Public officials are servants of God, according to Romans 13, whether they know it or not, and it is the job of the servants of God who fill our pulpits to faithfully remind public officials of their accountability to God and his truth.
Some today still argue that the church and its leaders should just stay out of politics because it’s such a dirty business. Well, that’s exactly why the church should be involved – somebody has got to start cleaning up that mess.
The church is called to be the “salt of the earth,” which means the salt has to get out of the shaker (the four walls of the church) and into society. And the church is called to be the “light of the world,” which means it needs to take its light out from under the bushel (the four walls of the church) and shine its light into every darkened corner in our world, including the world of politics.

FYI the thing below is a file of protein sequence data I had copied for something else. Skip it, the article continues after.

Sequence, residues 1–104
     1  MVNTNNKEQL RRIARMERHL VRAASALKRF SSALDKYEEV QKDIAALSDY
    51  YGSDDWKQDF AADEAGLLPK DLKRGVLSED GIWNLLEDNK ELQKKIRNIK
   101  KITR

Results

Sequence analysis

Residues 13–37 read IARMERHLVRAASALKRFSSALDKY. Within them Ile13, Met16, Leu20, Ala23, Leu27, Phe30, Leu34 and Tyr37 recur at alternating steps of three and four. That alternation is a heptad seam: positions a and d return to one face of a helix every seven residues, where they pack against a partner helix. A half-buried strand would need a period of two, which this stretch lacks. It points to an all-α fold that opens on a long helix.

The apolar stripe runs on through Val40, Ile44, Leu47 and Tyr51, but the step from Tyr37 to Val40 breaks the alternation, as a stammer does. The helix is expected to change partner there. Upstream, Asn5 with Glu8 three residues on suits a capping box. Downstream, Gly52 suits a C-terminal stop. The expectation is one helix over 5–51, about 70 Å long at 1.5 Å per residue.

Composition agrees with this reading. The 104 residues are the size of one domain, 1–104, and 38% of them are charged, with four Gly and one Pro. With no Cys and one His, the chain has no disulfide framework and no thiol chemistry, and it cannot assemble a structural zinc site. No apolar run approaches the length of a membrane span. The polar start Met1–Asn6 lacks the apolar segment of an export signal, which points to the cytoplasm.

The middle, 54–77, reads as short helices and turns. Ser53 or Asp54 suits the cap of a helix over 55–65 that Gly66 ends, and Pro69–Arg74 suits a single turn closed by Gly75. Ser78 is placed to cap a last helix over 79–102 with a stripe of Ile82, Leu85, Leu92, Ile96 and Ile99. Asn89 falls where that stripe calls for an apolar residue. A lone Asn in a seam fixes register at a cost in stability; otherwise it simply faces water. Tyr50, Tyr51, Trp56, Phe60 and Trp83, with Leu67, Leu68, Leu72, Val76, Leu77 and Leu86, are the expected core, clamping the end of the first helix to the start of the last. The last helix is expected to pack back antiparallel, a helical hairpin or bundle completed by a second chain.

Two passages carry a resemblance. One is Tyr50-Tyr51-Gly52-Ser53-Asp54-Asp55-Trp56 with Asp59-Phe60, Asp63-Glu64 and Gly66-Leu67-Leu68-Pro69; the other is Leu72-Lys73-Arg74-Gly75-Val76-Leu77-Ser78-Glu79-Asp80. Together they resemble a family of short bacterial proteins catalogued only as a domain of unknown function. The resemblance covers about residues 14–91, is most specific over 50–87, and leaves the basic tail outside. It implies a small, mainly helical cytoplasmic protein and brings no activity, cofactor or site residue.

From virtually the beginning of the Bible to its end, God is shown constantly raising up men of faith to be political leaders. Almost every major figure in the Old Testament was a political leader, whether that figure was Joseph or Moses or Joshua or the judges or the kings of Judah and Israel, starting with Saul and David and Solomon.
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